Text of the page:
June 23 2012
Last weekend, my husband wanted to start his Father’s Day with IHOP pancakes. No doubt missing his own late father, he wanted to eat in a place he frequented as a child.
So, we hauled our three young boys down the road to the local IHOP. Shown to our seats, the waitress handed us three folded placemats containing crayons. My boys love these little giveaways — pictures of horses and racecars and cats and dogs to color; maybe a simple crossword puzzle or a maze to tackle. These fun distractions keep my boys somewhat calm until their food arrives.
But the placemats we were handed weren’t your ordinary pieces of paper with puzzles and pictures on them. Oh no! This Father’s Day morning, my children received a little lecture on how to be a better — to use a nauseating Obama phrase — “citizen of the world” by being environmentally conscience and, of course, fit and trim.
In the upper left hand corner of the placemat there was a picture of the earth over which the words “Clean Fun” were stamped. To the right, the first lesson: “Time to get busy learning what you can do today and every day to give back to the planet!” Just below the globe, a maze called “Recycle Road” instructs kids to “get recycling” by guiding the newspapers (located at the entrance) to the recycle bin (at the end of the maze).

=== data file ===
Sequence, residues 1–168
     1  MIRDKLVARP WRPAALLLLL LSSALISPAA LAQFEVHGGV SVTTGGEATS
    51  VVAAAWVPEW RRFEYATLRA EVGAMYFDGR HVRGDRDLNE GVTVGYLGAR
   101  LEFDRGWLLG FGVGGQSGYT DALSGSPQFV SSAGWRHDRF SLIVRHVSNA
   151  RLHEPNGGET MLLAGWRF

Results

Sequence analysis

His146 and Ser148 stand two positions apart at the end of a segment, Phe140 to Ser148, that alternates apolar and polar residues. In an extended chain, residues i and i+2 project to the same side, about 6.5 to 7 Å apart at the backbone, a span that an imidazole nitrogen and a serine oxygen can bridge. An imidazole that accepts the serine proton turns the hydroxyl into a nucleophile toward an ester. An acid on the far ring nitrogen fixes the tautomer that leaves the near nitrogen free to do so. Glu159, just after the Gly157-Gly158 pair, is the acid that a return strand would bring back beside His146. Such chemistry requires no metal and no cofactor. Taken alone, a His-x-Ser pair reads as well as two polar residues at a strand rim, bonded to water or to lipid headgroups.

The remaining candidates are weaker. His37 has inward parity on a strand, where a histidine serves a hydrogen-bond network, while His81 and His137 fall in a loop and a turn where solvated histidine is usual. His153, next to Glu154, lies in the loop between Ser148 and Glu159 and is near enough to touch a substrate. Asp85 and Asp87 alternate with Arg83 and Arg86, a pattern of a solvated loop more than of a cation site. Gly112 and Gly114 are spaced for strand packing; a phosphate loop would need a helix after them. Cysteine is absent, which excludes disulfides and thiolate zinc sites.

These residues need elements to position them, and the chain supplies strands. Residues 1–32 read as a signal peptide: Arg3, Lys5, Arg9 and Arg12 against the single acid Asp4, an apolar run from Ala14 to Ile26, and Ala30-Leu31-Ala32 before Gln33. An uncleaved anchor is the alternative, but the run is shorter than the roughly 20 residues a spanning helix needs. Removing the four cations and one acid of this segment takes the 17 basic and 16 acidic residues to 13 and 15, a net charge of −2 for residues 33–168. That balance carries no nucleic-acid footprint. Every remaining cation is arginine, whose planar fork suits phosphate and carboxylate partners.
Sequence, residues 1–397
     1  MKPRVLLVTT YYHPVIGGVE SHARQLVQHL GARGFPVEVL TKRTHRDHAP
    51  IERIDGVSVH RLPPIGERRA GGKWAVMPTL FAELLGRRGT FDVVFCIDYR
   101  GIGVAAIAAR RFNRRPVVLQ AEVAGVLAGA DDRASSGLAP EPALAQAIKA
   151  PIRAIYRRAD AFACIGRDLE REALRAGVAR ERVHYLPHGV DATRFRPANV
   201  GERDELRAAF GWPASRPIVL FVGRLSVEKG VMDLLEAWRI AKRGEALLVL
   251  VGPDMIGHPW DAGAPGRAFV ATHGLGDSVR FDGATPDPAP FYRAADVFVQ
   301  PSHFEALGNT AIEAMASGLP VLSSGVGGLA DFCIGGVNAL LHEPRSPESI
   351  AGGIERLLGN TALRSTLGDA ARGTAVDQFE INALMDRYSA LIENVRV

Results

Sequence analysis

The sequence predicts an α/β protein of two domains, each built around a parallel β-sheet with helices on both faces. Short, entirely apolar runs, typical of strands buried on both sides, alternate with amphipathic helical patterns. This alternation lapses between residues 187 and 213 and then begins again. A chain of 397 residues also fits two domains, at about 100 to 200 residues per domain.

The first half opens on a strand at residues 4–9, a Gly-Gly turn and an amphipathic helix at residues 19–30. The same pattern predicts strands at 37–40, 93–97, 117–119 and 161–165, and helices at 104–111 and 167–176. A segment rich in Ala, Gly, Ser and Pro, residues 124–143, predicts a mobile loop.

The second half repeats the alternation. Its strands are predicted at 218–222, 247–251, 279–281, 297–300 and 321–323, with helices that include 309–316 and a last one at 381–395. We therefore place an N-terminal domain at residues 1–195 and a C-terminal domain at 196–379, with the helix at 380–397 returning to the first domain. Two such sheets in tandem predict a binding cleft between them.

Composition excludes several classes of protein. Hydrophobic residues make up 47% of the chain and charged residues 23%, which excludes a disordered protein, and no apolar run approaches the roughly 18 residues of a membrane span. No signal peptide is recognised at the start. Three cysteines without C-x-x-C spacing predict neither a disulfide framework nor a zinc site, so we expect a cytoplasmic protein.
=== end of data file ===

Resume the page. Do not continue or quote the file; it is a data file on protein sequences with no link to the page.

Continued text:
Directly below the maze is a picture of the USDA’s nutrition plate (the plate replaced the equally useless and widely ignored food pyramid a few years ago) with the message that “It’s important to eat right and exercise every day,” with a link to the government website myplate.gov. That’s right, children should check out a government website for nutrition information. It’s so old fashioned for children to simply be guided by their parents. Government knows best!
But the real fun was on the back of the placemat where my children found the “Tic-Tac-Toe Challenge,” which instructed them in a somewhat creepy Nazi-youth fashion to “encourage your family to walk or ride bikes instead of driving a car. Besides being better for the environment, it can be a lot of fun, too!” Surprisingly, it didn’t include a 1-800 number where children can report their pancake-eating, car-loving, slothful, and obese parents to the government.